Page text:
FTX’s Collapse Highlights Importance of Cryptocurrency Whistleblowers | Kohn, Kohn & Colapinto LLP


The sudden collapse of the FTX cryptocurrency exchange has raised concerns about the lack of regulations for the cryptocurrency market. Commentators were quick to compare the FTX collapse to the Enron scandal and the Lehman Brothers collapse in 2008. These events triggered major Wall Street reform. US authorities are actively investigating FTX for fraud. One thing is clear: in the aftermath of the FTX collapse, US regulators must make full use of whistleblower programs to regulate the cryptocurrency industry.

The comparison between FTX and Enron is notable because of the critical role a whistleblower plays, Sherron Watkins, played in the Enron accounting fraud exposure. Insiders with direct knowledge of fraud are vital to exposing financial misconduct, holding fraudsters accountable, and protecting investors.

Fortunately, strong whistleblower provisions are already in place for people who report cryptocurrency fraud. Following the financial collapse of 2008, Congress passed the Dodd–Frank Act establish reward programs for whistleblowers both in the National Stock Market Commission (SEC) and Commodity Futures Trading Commission (CFTC), two agencies with jurisdiction over cryptocurrency fraud.

The SEC or CFTC may consider cryptocurrency a security or commodity if a particular company markets it as an investment, such as an Initial Coin Offering (ICO). The SEC and CFTC have jurisdiction over fraudulent and manipulative activities in the virtual currency market. Such activities include market manipulation, insider trading, Ponzi schemes, money laundering, tax evasion, and bribery of foreign officials in violation of the Foreign Corrupt Practices Act.

Under the Dodd-Frank Act, the SEC and CFTC are required to award monetary rewards to individuals who voluntarily provide high-quality, original, timely, and credible information that leads to an enforcement action that exceeds more than $1 million in penalties. The award ranges from 10% to 30% of the monetary penalties collected. Whistleblowers need not be insiders. Anyone with original information, such as victims of the schemes and misconduct, may be eligible for an award.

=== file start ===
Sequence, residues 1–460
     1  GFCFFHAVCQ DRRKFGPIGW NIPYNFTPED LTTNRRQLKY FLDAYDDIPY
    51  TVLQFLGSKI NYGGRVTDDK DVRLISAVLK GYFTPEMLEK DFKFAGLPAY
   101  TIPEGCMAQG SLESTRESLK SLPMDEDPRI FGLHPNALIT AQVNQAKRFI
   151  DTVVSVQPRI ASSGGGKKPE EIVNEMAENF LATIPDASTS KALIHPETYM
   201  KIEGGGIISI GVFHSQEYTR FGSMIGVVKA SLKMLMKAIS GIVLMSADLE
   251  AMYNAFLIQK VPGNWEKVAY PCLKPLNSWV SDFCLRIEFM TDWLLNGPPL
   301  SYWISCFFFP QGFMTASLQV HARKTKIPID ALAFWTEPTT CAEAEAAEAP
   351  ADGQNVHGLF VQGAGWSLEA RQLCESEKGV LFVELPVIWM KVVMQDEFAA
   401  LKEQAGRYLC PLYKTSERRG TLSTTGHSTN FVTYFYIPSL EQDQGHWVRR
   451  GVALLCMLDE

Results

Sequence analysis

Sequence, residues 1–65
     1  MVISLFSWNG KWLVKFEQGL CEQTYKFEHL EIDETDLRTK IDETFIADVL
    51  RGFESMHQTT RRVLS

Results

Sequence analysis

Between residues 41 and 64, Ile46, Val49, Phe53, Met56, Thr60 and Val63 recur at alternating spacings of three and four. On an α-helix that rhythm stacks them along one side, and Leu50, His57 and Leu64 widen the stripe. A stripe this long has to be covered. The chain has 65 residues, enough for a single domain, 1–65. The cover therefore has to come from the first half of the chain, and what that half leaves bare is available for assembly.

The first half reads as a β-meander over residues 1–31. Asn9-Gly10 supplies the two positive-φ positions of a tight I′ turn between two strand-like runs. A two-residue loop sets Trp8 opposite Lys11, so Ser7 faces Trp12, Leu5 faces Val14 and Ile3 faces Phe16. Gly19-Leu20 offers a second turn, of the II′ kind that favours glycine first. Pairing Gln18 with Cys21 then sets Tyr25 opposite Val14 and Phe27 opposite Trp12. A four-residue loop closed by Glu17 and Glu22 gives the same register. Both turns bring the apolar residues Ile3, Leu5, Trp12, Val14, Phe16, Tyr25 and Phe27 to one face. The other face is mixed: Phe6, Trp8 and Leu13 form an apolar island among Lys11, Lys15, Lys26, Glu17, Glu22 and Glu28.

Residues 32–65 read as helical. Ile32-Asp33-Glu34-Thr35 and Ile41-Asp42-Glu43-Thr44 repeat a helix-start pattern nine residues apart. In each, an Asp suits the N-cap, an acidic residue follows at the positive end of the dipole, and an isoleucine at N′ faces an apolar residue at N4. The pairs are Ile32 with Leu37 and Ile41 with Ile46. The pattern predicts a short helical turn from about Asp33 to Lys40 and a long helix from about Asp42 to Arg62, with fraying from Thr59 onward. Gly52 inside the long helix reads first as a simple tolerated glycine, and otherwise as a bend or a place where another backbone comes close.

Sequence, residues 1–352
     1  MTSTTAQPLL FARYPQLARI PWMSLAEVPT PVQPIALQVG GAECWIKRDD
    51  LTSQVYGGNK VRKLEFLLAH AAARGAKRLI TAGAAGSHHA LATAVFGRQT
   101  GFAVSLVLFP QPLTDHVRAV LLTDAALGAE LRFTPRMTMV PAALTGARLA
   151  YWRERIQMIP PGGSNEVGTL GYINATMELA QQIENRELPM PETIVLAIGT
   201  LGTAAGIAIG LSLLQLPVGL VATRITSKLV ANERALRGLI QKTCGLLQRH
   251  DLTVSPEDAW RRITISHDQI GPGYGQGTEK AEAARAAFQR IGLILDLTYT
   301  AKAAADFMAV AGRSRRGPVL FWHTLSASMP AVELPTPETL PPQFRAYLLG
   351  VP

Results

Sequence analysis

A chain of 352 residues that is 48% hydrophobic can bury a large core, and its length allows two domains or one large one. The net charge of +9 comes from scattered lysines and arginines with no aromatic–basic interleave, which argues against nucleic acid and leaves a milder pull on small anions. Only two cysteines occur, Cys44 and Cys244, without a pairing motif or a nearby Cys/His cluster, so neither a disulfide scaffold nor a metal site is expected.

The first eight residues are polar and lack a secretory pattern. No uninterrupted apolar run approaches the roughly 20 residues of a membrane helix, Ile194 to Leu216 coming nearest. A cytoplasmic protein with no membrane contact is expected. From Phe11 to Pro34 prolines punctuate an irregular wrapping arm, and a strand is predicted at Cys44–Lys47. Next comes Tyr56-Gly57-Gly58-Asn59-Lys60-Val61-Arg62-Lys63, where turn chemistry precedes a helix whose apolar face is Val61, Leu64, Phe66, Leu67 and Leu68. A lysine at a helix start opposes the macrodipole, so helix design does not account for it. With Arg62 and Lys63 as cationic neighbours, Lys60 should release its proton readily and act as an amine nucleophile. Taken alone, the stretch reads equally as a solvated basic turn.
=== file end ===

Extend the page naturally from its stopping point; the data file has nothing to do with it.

The SEC and CFTC whistleblower programs have been highly successful. Since it was signed into law in 2010, the Dodd-Frank Act has allowed the SEC to use whistleblower information to obtain more than $5 billion from securities law violators. He has also awarded more than $1.3 billion to whistleblowers for his acts. In the same time period, the CFTC awarded $123 million to whistleblowers who helped the CFTC recover more than $1 billion.

In addition to initiating large amounts of penalties and rewarding whistleblowers, the SEC and CFTC whistleblower programs have been immensely successful in returning funds to harmed investors. The SEC has returned more than $1.3 billion to investors thanks to whistleblowers. On October 31, the SEC awarded $10 million to a whistleblower the disclosure of which resulted in the agency returning “a significant amount of money to aggrieved investors.”

FTX’s collapse has left clients and investors, including celebrities like NFL star Tom Brady, in limbo and wondering if they’ll get their money back. As more and more Americans pour money into the cryptocurrency industry, whistleblowers will be a necessary tool to protect your funds from fraud.

Crypto whistleblowers are already coming forward to US authorities in large numbers. In his recent annual report to CongressThe CFTC Whistleblower Program reported that most of the whistleblowers it received in FY 2022 “involve fraudulent misappropriation and fraudulent solicitation involving cryptographic/digital assets.”

The SEC and CFTC need to make full use of their whistleblower programs to be the best cops they can be in the crypto world. By continuing to take advantage of inside information, the agencies can protect the American public while continuing to invest in the cryptocurrency industry.